Fludarabine Phosphate

A fluorinated deamination-resistant nucleotide analog of the antiviral agent vidarabine (9-b-d-arabinofuranosyl-adenine), this compound is active in CLL and low-grade lymphomas. After rapid extracellular dephosphorylation to the nucleoside fludarabine, it is rephosphorylated intracellularly by deoxycytidine kinase to the active triphosphate derivative. This antimetabolite inhibits DNA poly-merase, DNA primase, DNA ligase, and ribonucleotide reductase, and is incorporated into DNA and

RNA. The triphosphate nucleotide is an effective chain terminator when incorporated into DNA, and the incorporation of fludarabine into RNA inhibits RNA function, RNA processing, and mRNA translation. A major effect of this drug may be its activation of apoptosis, which may explain its activity against indolent lymphoproliferative disease, where only a small fraction of cells are in S phase.

Fludarabine phosphate administered intravenously is rapidly converted to fludarabine in the plasma. The terminal t/2 of fludarabine is ~10 hours. The compound is primarily eliminated by renal excretion, and ~23% appears in the urine as fludarabine because of its relative resistance to deamination by adenosine deaminase (ADA).

Fludarabine phosphate (fludara) is available for intravenous use. The recommended dose of fludarabine phosphate is 20-30 mg/m2 daily for 5 days. The drug is administered intravenously by infusion during a period of 30 minutes to 2 hours. Dosage may need to be reduced in renal impairment. Treatment may be repeated every 4 weeks, and at these doses gradual improvement usually occurs during a period of 2-3 cycles.

Fludarabine phosphate is used primarily for the treatment of patients with CLL, although experience is accumulating that suggests effectiveness in B-cell lymphomas refractory to standard therapy. In CLL patients previously refractory to a regimen containing a standard alkylating agent, response rates of32-48% have been reported. Activity also has been seen with indolent non-Hodgkin's lymphoma, promyelocytic leukemia, cutaneous T-cell lymphoma, and Waldenstrom's macroglobulinemia. In patients with previously untreated low-grade lymphomas, fludarabine phosphate in combination with either cyclophosphamide or with dexamethasone and mitox-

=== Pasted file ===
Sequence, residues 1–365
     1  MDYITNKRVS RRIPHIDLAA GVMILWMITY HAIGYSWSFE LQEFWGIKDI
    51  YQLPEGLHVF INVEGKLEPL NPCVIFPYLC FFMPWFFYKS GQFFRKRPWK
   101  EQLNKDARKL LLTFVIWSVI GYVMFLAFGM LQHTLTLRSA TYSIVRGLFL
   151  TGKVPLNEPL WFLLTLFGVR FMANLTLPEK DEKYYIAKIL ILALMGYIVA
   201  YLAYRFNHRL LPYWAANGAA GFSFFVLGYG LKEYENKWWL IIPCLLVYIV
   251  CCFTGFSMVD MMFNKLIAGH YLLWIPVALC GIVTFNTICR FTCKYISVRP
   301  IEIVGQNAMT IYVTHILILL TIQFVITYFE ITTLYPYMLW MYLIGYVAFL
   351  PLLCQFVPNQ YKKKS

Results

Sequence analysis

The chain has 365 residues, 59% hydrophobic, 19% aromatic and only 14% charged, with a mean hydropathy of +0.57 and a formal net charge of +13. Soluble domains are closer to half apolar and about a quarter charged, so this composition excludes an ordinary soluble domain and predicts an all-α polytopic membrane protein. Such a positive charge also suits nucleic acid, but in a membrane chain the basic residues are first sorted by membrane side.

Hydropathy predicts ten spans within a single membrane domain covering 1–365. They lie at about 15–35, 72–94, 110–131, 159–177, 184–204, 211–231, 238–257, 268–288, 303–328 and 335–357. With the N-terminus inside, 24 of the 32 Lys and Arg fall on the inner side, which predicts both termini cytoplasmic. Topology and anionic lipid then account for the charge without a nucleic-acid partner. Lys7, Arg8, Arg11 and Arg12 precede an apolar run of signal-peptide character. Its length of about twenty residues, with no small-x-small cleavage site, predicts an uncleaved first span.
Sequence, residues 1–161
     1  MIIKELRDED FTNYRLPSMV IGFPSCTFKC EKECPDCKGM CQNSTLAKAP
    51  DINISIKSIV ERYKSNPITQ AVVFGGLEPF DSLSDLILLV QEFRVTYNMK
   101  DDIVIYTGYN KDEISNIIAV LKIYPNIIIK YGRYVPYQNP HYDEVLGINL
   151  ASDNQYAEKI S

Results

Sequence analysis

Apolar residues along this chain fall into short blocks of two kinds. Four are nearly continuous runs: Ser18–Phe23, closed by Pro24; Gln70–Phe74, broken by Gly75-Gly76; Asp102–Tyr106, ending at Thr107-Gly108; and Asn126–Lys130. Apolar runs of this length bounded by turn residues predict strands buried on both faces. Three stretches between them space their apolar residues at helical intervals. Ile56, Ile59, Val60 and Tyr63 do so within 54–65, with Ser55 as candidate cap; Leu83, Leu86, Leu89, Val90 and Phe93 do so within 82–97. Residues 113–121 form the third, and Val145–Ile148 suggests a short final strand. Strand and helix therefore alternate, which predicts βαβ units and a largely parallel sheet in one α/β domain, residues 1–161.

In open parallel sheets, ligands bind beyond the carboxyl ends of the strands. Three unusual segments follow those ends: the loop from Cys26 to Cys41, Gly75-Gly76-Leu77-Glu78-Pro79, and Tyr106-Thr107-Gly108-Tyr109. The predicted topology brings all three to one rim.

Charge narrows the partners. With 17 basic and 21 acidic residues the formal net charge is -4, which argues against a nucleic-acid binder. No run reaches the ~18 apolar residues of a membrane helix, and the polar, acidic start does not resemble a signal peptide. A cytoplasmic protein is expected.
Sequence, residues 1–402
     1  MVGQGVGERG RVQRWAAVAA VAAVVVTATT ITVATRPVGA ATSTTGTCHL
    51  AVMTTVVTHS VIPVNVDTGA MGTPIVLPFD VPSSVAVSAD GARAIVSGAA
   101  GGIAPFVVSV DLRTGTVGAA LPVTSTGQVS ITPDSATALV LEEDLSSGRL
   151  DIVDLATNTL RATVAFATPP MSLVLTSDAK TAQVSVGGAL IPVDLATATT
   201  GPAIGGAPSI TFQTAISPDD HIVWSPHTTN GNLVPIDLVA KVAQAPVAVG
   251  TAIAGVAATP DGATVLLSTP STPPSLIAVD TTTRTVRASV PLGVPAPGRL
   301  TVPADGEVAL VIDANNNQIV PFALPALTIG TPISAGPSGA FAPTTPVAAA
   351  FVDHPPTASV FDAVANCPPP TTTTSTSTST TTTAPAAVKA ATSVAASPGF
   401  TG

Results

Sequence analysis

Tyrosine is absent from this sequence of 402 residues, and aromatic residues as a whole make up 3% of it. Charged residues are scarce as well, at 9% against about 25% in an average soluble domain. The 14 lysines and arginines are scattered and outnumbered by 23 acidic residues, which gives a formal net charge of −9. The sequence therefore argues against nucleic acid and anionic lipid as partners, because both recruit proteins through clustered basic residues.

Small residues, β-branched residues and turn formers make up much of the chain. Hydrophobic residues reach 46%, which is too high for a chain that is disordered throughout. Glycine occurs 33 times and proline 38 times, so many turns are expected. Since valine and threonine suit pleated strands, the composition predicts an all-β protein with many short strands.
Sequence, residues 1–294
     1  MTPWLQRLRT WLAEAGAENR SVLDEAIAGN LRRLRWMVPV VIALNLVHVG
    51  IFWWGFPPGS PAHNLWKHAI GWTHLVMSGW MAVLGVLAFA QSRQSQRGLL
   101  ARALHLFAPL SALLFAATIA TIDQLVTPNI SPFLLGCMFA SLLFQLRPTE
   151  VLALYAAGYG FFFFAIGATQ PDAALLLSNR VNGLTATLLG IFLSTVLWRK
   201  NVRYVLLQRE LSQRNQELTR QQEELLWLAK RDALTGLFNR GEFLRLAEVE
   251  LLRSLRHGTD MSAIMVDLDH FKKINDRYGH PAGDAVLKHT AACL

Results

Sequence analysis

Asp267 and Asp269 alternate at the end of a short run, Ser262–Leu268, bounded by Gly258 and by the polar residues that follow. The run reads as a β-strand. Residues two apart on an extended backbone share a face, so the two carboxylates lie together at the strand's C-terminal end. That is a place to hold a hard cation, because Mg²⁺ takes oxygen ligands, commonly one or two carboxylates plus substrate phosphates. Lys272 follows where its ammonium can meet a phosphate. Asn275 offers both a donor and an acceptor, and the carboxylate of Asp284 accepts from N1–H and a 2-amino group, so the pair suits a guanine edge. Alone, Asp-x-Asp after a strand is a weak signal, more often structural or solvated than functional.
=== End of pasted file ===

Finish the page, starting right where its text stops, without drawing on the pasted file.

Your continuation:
antrone has resulted in a high rate of response.

Toxic manifestations include myelosuppression, nausea and vomiting, chills and fever, malaise, anorexia, and weakness. Lymphopenia and thrombocytopenia are dose limiting and possibly cumulative. CD4+ T cells are depleted with therapy. Opportunistic infections and tumor lysis syndrome have been reported. Peripheral neuropathy may occur at standard doses. Altered mental status, seizures, optic neuritis, and coma have been observed at higher doses and in older patients. Rarely, CLL patients may develop an acute hemolytic anemia or pure red cell aplasia during fludarabine treatment. Severe pneumonitis responsive to glucocorticoids has been encountered. Because a significant fraction of drug (~25%) is eliminated in the urine, patients with compromised renal function should be treated with caution, and initial doses should be reduced proportionate to serum creatinine levels.

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